"I pushed hard on the first stage to gain the advantage, despite the muddy conditions and we found a good pace," said Al Attiyah.
"Now we have a comfortable lead to manage over the coming days. There is a long way to go over many difficult and varied stages," the three-time Dakar champion added.
On the third stage, teams tackle a 243km selective section in a route of 691.35km between Ulan-Ude in Eastern Siberia and the Mongolian capital of Ulaanbaatar (formerly known as Ulan Bator).
Ulaanbaatar is the largest city in Mongolia and is located in the central north of the country in the valley of the Tuul River.
Unlike Al Attiyah, it was a disappointing second stage for the Qatari's two Overdrive Racing team-mates in their Toyota Hiluxes.
Saudi Arabia's Yazeed Al Rajhi and German navigator Dirk von Zitzewitz began the day in third position after a slow puncture cost them a potential second place on the opening day.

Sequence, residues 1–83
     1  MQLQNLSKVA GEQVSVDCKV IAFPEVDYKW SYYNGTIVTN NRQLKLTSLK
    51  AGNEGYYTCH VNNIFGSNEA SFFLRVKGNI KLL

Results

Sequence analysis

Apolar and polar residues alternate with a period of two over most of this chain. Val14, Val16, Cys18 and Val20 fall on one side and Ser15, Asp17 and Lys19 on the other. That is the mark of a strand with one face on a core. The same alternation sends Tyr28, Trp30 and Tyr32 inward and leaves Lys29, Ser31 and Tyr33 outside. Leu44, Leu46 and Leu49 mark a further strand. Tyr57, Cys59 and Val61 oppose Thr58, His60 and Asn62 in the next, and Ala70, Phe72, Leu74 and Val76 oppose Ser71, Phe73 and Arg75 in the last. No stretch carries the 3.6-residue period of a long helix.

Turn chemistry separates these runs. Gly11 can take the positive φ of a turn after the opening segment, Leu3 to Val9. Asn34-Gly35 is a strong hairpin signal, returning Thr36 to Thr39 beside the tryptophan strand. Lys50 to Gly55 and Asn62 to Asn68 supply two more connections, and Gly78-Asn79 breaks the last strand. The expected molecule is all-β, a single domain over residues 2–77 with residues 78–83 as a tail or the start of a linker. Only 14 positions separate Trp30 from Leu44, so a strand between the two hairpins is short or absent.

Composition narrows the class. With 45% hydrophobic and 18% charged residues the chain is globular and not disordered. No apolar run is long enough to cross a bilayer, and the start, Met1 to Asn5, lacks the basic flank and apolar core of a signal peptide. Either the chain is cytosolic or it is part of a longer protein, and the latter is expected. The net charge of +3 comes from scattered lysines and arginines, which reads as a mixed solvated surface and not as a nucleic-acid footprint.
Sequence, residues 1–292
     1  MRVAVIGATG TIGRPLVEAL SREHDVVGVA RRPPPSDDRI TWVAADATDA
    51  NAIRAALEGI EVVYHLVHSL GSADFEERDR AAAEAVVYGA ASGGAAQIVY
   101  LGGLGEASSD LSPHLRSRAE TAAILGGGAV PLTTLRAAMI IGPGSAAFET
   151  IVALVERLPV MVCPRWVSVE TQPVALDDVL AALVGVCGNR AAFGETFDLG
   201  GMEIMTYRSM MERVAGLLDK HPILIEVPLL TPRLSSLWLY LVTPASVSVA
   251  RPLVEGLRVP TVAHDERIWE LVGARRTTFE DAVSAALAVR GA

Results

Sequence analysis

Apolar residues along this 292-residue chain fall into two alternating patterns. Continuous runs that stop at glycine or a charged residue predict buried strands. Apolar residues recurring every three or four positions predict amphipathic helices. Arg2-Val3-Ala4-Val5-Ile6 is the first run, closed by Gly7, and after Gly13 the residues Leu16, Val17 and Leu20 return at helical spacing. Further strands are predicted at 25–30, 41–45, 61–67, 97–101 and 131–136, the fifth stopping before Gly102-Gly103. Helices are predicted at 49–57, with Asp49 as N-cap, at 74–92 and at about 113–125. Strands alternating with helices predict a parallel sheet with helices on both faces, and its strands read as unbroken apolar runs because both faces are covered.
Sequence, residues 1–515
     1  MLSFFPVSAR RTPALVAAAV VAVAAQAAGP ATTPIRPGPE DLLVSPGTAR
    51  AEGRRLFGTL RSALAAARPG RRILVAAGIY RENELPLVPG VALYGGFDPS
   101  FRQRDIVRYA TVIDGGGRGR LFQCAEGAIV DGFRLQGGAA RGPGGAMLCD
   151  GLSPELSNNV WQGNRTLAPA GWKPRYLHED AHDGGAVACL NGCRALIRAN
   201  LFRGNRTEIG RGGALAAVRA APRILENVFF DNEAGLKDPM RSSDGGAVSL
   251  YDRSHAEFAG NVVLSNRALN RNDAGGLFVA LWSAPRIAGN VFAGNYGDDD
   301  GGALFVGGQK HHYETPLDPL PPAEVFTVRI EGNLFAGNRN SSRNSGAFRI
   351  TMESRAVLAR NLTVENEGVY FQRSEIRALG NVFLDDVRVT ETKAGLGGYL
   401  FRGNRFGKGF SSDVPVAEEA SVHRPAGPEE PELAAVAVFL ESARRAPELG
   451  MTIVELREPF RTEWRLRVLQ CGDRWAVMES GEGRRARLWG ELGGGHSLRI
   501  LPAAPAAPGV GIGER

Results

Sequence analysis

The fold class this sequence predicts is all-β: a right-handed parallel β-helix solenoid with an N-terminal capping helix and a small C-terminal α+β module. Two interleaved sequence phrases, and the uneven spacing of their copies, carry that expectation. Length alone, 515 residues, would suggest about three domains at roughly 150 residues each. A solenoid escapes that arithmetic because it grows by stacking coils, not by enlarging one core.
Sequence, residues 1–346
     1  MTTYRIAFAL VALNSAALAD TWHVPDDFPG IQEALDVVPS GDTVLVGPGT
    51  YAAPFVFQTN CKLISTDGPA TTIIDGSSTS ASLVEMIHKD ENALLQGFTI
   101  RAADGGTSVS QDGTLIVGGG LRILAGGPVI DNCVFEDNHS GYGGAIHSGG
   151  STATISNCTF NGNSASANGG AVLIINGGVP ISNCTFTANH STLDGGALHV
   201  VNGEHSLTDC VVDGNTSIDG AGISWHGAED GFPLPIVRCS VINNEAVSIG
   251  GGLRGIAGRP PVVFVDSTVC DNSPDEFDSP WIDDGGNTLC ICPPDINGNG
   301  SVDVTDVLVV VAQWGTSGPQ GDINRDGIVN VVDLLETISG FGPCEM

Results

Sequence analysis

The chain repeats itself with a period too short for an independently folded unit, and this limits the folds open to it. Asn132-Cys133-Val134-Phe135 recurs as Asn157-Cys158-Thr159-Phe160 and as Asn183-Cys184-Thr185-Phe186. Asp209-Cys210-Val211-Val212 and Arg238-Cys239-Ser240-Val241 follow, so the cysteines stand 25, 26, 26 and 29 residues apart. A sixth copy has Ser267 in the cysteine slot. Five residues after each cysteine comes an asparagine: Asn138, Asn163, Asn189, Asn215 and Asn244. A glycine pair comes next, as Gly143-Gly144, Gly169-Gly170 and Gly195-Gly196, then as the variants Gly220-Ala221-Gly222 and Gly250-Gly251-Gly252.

But the Riyadh driver suffered technical issues on the special and was not able to continue. The Saudi had been running fastest overall at WP1 (52km) before initially stopping on the track for over 15 minutes and then ceding further time as the stage progressed.
Dutchman Erik van Loon has teamed up with Frenchman Sebastien Delaunay for the first time in Russia, but transmission problems thwarted their progress and they face a fight back through the field over the coming days after losing over two and a half hours to the stage winner after 101km of the stage.
Frenchman Jerome Pelichet had been running second overall after the opening day and he slipped to third with fellow countryman Matthieu Serradori and China's Han Wei following closely in the overall car rankings.